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Effects of neck bands on the behavior of wintering greater white-fronted geese

January 1, 1990

Activity budgets of adult Greater White-fronted Geese (Anser albifrons frontalis) with and without neck bands during the non-breeding season revealed that geese with neck bands spent more time preening than geese without neck bands while at foraging sites, but not while at roosting sites. Neck-banded and control geese spent equal time in other important activities (alert, feeding, sleeping, locomotor activities, flying, or social interactions) while at both foraging and roosting sites. Neck-banded geese apparently compensated for the increase in preening activity by reducing the amount of time spent in alert postures relative to control geese (23.9 vs. 28.6%), although the decrease was not significant (P = 0.106). There was a significant negative relationship (P = 0.038) between the length of time a goose had worn a neck band and the amount of time spent preening while at roost sites. After a short acclimation period, neck bands probably have minimal effect on the activity of wintering Greater White-fronted Geese.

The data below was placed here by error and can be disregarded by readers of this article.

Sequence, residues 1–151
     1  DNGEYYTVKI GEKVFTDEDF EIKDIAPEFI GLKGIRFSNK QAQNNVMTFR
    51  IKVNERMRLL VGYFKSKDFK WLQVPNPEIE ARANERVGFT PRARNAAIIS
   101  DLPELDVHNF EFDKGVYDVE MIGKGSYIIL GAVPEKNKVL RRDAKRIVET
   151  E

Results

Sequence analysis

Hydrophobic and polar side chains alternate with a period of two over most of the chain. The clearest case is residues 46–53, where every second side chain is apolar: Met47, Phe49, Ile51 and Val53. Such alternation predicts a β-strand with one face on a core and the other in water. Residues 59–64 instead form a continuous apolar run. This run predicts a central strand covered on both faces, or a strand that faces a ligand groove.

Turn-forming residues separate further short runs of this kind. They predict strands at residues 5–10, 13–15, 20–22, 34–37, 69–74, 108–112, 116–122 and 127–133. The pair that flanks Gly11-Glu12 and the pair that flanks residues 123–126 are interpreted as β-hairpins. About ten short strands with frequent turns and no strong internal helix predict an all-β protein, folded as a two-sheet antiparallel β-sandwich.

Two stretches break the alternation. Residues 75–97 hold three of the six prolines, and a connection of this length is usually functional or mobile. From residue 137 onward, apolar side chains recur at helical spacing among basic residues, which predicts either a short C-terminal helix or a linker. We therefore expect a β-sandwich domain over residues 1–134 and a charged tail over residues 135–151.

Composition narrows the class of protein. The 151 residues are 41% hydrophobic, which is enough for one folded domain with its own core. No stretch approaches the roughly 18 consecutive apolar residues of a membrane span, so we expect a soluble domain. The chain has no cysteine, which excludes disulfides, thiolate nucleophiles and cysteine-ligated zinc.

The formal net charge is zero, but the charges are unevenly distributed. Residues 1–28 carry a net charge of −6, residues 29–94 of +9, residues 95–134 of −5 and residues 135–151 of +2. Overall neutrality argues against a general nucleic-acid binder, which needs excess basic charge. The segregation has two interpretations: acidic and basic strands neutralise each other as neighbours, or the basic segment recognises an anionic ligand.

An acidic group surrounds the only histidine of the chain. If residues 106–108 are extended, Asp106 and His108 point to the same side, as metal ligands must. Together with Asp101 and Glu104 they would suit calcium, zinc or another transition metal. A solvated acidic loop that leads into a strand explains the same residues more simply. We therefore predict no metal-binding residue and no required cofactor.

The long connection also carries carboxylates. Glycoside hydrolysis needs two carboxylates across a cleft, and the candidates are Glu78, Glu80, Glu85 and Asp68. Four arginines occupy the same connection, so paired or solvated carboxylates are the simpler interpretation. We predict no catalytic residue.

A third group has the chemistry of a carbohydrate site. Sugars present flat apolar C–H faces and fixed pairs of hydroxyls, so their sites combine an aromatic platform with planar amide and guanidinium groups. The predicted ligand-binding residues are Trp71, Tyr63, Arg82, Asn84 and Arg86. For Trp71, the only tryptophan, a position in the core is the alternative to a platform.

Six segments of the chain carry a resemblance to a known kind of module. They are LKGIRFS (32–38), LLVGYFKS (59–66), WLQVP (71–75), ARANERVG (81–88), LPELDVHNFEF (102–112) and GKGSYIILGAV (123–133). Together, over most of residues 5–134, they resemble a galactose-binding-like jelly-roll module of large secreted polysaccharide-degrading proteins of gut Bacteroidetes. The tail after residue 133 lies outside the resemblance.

Citation Information

Publication Year 1990
Title Effects of neck bands on the behavior of wintering greater white-fronted geese
Authors Craig R. Ely
Publication Type Article
Publication Subtype Journal Article
Series Title Journal of Field Ornithology
Index ID 70184241
Record Source USGS Publications Warehouse
USGS Organization Alaska Science Center; Alaska Science Center Biology WTEB

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